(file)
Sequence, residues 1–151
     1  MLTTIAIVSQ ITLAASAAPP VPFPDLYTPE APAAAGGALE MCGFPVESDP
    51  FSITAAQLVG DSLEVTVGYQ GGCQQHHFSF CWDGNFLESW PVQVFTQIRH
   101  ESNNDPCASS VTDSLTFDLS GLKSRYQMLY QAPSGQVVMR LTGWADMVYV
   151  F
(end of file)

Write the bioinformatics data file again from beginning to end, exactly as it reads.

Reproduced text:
Sequence, residues 1–151
     1  MLTTIAIVSQ ITLAASAAPP VPFPDLYTPE APAAAGGALE MCGFPVESDP
    51  FSITAAQLVG DSLEVTVGYQ GGCQQHHFSF CWDGNFLESW PVQVFTQIRH
   101  ESNNDPCASS VTDSLTFDLS GLKSRYQMLY QAPSGQVVMR LTGWADMVYV
   151  F